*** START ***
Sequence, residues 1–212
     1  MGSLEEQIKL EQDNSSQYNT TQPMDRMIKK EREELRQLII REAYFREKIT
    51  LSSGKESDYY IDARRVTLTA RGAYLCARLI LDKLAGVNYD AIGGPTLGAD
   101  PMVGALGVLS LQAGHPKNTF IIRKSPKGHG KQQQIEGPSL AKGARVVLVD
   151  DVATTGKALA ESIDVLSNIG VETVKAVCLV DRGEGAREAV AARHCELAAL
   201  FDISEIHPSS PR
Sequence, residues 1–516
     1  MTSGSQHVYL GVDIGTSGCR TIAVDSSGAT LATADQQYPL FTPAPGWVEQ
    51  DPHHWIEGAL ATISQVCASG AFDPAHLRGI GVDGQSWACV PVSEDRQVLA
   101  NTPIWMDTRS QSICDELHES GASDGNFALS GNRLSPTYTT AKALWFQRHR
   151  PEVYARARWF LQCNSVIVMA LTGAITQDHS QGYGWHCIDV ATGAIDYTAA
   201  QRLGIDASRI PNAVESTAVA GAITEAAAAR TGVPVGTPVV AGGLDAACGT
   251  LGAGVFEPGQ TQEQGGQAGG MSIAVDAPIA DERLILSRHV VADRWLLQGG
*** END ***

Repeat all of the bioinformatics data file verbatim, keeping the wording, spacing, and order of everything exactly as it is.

Sequence, residues 1–212
     1  MGSLEEQIKL EQDNSSQYNT TQPMDRMIKK EREELRQLII REAYFREKIT
    51  LSSGKESDYY IDARRVTLTA RGAYLCARLI LDKLAGVNYD AIGGPTLGAD
   101  PMVGALGVLS LQAGHPKNTF IIRKSPKGHG KQQQIEGPSL AKGARVVLVD
   151  DVATTGKALA ESIDVLSNIG VETVKAVCLV DRGEGAREAV AARHCELAAL
   201  FDISEIHPSS PR
Sequence, residues 1–516
     1  MTSGSQHVYL GVDIGTSGCR TIAVDSSGAT LATADQQYPL FTPAPGWVEQ
    51  DPHHWIEGAL ATISQVCASG AFDPAHLRGI GVDGQSWACV PVSEDRQVLA
   101  NTPIWMDTRS QSICDELHES GASDGNFALS GNRLSPTYTT AKALWFQRHR
   151  PEVYARARWF LQCNSVIVMA LTGAITQDHS QGYGWHCIDV ATGAIDYTAA
   201  QRLGIDASRI PNAVESTAVA GAITEAAAAR TGVPVGTPVV AGGLDAACGT
   251  LGAGVFEPGQ TQEQGGQAGG MSIAVDAPIA DERLILSRHV VADRWLLQGG